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Cave Bean Journal

Theories as to what these beans will grow into abound on Twitter, with paint horses and spotted cows among them.

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They are really gorgeous beans. I can understand the speculation!

Though I would think they grow into Aztec caves.

It could be that the cave beans were found in the 1870s or even the 1570s. That's the problem of 2-digit years, as time goes by the get ambiguous.

I think I have some of those, dried and pierced for beads! I'll have to go rummaging around my stash...

re the Cave Beans

Jack m'boy, I got some beans to sell you, and they grow COWS!

If your book tour brings you to Boston, let me know, I'll buy you lunch or something.

That bean on the very bottom of your photo looks like a jackalope silhouette. They must be jackalope eggs.

With the liver spots, you could get German Shorthaired Pointers.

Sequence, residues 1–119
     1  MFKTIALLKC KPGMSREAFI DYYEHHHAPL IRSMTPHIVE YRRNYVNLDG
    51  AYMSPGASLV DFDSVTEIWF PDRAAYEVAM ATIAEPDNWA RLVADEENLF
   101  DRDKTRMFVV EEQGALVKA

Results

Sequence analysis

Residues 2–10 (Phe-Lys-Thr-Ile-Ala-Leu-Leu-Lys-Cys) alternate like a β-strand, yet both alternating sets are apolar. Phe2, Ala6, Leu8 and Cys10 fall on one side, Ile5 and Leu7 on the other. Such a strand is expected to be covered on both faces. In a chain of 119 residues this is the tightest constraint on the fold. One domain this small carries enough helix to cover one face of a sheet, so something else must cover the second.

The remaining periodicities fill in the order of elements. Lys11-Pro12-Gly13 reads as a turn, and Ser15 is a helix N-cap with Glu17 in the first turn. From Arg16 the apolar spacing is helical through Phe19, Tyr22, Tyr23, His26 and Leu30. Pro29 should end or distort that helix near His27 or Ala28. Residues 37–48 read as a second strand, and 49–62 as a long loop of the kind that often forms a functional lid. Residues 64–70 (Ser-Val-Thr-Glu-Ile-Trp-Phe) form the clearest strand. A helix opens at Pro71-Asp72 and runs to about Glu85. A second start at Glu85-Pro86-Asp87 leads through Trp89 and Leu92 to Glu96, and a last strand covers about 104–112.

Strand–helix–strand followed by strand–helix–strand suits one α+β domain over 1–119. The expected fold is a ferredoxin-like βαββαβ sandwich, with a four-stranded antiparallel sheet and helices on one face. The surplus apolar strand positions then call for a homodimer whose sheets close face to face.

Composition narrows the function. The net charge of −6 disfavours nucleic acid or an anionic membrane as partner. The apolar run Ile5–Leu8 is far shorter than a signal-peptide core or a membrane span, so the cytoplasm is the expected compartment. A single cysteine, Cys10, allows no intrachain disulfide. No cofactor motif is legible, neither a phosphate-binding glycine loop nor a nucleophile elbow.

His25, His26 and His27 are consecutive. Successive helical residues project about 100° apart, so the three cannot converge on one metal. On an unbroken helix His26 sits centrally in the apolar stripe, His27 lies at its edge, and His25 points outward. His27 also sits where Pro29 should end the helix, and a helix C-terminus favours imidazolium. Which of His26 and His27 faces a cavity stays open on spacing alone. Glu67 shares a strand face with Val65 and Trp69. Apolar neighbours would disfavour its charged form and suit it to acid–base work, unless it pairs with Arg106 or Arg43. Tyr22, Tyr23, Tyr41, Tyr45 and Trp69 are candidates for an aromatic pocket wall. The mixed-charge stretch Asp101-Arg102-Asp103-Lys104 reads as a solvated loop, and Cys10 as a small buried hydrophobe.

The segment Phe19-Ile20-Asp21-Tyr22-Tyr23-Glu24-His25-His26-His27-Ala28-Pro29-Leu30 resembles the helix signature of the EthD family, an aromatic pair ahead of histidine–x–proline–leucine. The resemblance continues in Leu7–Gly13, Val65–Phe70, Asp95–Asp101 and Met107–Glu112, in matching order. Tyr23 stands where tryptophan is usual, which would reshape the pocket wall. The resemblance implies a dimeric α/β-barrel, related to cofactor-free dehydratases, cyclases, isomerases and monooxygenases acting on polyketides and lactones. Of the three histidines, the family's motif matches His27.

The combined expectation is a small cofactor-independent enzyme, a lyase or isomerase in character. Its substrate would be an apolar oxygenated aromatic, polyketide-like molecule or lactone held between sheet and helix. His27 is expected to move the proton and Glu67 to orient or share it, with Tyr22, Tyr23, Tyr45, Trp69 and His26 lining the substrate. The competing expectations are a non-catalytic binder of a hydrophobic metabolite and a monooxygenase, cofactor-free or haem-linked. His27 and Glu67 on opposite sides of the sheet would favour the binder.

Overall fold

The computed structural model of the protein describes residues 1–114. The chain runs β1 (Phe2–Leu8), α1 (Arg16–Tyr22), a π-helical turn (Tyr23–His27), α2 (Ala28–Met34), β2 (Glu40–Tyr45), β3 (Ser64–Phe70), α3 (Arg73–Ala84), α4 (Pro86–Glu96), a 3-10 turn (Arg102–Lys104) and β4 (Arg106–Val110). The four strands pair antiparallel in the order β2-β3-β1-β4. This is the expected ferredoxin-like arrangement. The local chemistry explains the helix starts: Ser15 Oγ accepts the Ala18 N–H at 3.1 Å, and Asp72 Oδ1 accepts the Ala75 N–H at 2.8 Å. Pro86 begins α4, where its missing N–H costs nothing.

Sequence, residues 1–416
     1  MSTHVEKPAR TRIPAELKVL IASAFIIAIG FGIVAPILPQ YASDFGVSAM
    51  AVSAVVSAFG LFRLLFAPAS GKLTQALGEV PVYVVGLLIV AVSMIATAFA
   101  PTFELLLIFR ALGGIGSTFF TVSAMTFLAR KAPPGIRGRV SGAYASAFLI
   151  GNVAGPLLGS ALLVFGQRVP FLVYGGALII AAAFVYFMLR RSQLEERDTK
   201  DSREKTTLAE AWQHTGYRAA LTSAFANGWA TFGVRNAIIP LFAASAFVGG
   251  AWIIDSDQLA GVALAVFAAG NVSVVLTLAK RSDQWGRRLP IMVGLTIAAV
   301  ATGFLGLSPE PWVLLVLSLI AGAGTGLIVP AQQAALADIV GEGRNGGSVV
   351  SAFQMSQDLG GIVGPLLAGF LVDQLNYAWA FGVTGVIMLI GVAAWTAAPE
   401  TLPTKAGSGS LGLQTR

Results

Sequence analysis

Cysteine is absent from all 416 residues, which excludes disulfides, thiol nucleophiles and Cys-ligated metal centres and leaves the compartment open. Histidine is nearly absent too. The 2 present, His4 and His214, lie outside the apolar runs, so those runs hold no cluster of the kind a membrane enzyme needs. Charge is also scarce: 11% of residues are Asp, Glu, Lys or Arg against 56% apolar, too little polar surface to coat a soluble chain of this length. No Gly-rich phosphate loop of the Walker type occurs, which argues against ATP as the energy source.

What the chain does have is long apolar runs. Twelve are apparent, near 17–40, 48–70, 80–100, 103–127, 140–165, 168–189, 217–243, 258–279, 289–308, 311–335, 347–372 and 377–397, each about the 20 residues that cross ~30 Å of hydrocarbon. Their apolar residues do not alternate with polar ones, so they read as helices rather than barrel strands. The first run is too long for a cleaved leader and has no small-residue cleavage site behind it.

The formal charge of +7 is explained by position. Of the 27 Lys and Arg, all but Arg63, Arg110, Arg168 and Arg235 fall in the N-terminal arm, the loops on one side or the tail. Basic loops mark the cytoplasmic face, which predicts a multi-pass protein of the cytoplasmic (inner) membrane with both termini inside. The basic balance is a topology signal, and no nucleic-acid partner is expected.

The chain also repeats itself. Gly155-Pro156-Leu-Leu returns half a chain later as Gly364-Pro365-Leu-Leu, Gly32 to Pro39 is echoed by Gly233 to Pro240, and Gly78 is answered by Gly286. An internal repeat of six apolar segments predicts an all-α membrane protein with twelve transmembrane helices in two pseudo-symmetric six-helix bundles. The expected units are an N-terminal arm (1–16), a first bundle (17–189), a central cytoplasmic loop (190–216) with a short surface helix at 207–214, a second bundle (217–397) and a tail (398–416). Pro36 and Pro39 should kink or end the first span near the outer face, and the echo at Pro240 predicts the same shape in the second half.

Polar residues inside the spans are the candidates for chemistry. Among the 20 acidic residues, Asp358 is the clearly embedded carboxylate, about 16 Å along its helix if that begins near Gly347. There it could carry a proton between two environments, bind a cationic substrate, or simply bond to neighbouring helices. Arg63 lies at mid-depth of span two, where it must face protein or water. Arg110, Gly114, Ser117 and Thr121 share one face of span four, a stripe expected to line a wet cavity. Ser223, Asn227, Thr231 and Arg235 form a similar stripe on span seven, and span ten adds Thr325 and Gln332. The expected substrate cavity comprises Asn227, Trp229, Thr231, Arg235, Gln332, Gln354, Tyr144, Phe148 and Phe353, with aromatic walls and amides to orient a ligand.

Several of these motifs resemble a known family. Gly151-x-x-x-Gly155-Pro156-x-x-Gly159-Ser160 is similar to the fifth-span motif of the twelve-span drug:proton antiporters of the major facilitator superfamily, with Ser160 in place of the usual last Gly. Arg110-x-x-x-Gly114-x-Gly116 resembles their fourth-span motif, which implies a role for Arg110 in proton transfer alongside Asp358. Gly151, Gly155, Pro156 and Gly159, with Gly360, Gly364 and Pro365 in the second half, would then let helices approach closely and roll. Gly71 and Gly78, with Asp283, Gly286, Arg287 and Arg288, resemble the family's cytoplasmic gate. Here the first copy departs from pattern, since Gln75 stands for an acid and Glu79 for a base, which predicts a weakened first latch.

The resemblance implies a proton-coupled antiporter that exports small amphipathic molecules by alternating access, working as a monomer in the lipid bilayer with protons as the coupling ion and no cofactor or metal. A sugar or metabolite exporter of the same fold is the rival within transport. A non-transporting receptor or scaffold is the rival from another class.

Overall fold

Hell's Art would be a good name for a band.

A giant beanstalk? Considering the time of year, Easter Eggs! (Well they do sort of look like white and milk chocolate mixed.

Where will you be on your book tour? I want to have my copy of the Digger Omnibus signed.

A bit of Epson saltiness there, I see.

Oh, NOM. My favorite beans! I still call 'em 'Anasazi Beans', though I know that this is incorrect. They should grow easily (don't overwater them)-- mine did, and they bore pretty damn well too. Neat little flowers; the beans taste lovely cooked with ham and a bit of well-chopped onion. They have a curiously nutty flavor that reminds me of pecans; I really love them. As for the story of them coming from a sealed jar, that's what I heard too, and that eight of the beans tried sprouted. I have no idea of the tale's veracity-- I've also heard that they were collected from rural areas down in Mexico, so who knows? Aren't they pretty, though? :D They do look rather like eggs that'll hatch into very tiny red-and-white cows.

What the interesting style of writings. I had never seen so unusual texts.

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